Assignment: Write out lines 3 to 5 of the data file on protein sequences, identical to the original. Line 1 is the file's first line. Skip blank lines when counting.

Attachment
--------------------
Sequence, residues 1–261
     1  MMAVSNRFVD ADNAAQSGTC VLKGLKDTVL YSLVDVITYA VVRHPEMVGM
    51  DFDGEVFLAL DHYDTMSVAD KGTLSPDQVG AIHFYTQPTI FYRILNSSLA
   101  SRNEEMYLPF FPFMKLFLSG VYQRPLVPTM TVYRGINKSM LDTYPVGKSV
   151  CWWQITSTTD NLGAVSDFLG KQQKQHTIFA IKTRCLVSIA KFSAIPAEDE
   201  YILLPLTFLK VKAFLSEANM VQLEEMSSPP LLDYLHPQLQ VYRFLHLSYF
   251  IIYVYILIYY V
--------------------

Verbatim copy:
    51  DFDGEVFLAL DHYDTMSVAD KGTLSPDQVG AIHFYTQPTI FYRILNSSLA
   101  SRNEEMYLPF FPFMKLFLSG VYQRPLVPTM TVYRGINKSM LDTYPVGKSV
   151  CWWQITSTTD NLGAVSDFLG KQQKQHTIFA IKTRCLVSIA KFSAIPAEDE